I am super excited to talk about the second installment of Megan McCafferty‘s Jessica Darling series, Second Helpings. First, a warning: If you plan to read Sloppy Firsts, you probably shouldn’t read this review. It’ll be impossible for me to discuss this book without spoiling the ending of Sloppy Firsts. You have been warned!
After finishing Sloppy Firsts in high school, I was desperate to find out what happened next. Luckily, the school library had the sequel ready and waiting for me and I tore through it. This is probably my favorite book in the series, from what I remember. Want to hear an embarrassing story about me? After reading the first two books, I knew I needed to buy them and add them to my library. I found one copy of Second Helpings at Barnes and Noble, and walked away to ask my mom if I could buy a book (I didn’t have a job or money). She said yes and when I returned to the shelf…THE BOOK WAS GONE. I was so upset about having the book slip through my fingers I cried the whole twenty-minute ride home and my mom took me to other bookstores in my hometown to find a copy to no avail. As we drove home in defeat my mom looked at me, wary judgment in her eyes, and went, “Why are you upset over a book?”
Let me tell you why I was upset over a book. This book picks up after Jessica falls out with Marcus over his admission that he originally began talking to her as a challenge. The Class Man-Slut wanted to see if he could corrupt the Pure Brainiac. Jessica is understandably disgusted with him and feels completely betrayed. After her best friend, Hope moved away, Jessica allowed herself to embrace her connection with Marcus only to discover his intentions were dishonest. When you let your guard down and catch feelings for someone only to discover they weren’t the person you thought they were it’s crushing. Knowing there was a sequel gave me hope and boy does it pay off.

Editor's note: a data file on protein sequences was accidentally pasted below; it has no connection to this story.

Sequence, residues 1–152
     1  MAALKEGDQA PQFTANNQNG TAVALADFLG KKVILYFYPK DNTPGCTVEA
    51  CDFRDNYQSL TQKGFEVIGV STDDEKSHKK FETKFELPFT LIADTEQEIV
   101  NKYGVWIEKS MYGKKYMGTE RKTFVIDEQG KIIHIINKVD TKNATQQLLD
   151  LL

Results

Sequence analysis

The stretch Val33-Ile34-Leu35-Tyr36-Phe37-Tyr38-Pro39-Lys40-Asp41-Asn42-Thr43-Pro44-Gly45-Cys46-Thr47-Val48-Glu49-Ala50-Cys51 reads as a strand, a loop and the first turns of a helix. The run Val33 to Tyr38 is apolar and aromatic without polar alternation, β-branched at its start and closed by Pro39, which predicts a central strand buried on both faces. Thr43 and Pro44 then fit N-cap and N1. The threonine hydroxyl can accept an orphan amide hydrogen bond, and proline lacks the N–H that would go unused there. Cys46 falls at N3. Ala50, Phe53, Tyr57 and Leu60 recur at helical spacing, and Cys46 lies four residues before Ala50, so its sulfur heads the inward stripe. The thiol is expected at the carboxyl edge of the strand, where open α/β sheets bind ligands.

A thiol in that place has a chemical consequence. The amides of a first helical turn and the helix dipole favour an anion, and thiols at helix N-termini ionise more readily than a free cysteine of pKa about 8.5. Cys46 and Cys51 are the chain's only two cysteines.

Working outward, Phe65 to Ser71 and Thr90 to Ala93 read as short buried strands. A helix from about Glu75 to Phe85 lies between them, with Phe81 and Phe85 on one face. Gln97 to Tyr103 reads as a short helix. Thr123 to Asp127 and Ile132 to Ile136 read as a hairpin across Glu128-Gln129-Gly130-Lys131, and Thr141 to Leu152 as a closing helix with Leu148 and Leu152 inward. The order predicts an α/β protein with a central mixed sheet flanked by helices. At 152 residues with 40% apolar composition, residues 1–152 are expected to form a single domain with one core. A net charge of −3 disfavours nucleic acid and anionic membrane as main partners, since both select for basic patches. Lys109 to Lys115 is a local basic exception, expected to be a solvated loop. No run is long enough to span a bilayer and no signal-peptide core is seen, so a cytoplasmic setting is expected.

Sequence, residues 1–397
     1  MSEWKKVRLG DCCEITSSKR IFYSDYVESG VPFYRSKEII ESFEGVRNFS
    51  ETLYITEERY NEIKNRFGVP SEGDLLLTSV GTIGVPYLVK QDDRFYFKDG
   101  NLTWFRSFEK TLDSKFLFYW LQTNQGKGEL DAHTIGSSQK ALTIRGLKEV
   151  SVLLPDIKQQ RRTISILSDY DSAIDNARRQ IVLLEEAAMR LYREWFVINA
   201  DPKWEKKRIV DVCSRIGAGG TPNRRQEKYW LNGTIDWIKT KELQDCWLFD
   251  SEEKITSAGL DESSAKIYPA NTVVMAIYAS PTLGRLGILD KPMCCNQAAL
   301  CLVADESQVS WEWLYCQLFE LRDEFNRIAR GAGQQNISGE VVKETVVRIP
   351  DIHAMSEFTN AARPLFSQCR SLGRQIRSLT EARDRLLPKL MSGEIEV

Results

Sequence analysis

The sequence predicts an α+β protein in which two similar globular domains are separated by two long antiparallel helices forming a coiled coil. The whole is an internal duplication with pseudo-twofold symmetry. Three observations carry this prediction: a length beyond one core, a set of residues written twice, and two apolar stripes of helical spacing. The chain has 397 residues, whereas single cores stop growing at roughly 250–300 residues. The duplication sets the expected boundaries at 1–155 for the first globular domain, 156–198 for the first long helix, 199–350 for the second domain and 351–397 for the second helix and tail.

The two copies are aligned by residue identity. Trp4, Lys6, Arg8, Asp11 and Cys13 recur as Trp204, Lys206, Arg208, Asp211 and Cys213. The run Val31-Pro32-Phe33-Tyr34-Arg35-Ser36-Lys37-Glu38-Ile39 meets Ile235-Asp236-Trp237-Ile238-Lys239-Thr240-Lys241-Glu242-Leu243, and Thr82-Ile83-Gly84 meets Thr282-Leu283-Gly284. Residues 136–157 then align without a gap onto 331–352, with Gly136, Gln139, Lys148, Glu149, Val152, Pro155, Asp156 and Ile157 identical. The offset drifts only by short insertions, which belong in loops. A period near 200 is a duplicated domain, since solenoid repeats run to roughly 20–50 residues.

From my memory, Second Helpings picks up where Sloppy Firsts leaves off. Jessica still is not talking to Marcus but that obviously doesn’t last very long. Seeing them rekindle their friendship is tender and heartwarming, with plenty of the usual Jessica and Marcus mess-ups, misunderstandings, and mistakes. The book chronicles their senior year and ends with graduation, so we see Jessica and Marcus figuring out the next step in their lives and closing the book on their childhood. I read this book during my senior year so it hit close to home. Jessica’s journey in this installment is a satisfying ride and I enjoyed every minute of it during all of my previous rereads. Time to give it another go!
Teenage Rating: 5 out of 5 “You, Yes, You” red t-shirts
Oh man, reading this book brings me straight back to high school. All the uncertainty, drama, and hormones are there. Second Helpings picks up six months after the events of Sloppy Firsts. Jessica is attending an academic summer camp for the arts, focusing on writing while avoiding Pineville and Marcus. In classic Jessica luck, the camp turns out to be the angsty goth version of high school and she spends most of her time writing about how much her fellow campers suck. Her ballerina roommate Mary goes by the name “Chantalle” and is only interested in bedding the seven hottest boys and Jessica’s writing program classmates are more interested in being the most emo writer in the room and criticizing each other than improving their writing. During a camp trip to NYC, Jessica runs into Paul Parlipiano, her gay high school crush, and he introduces her to Columbia. Up until this point, Jessica had narrowed down her list of colleges to apply to, but she’s enamored with the city setting and Paul’s passion for the student activism on campus. Jessica’s writing teacher believes the only thing holding Jessica back from improving her writing is experiencing life outside of small-town Pineville and encourages her quest for Columbia as well.
In September, Jessica is preoccupied with the awkwardness of being in the same building as Marcus since their falling out. 9/11 quickly overshadows the Marcus issue as Jessica deals with whether or not to apply to Columbia because of the attack, and feeling like she’s not responding appropriately to the tragedy. Most people who were teenagers during 9/11 could relate to Jessica’s response. It was such a scary, unstable time and it was easy to feel guilty when you felt anything other than pure grief and fear. Jessica portrays this experience as she feels weird worrying about normal concerns when something horribly abnormal occurred. Her grades slip, she has trouble sleeping, and starts rethinking her choices.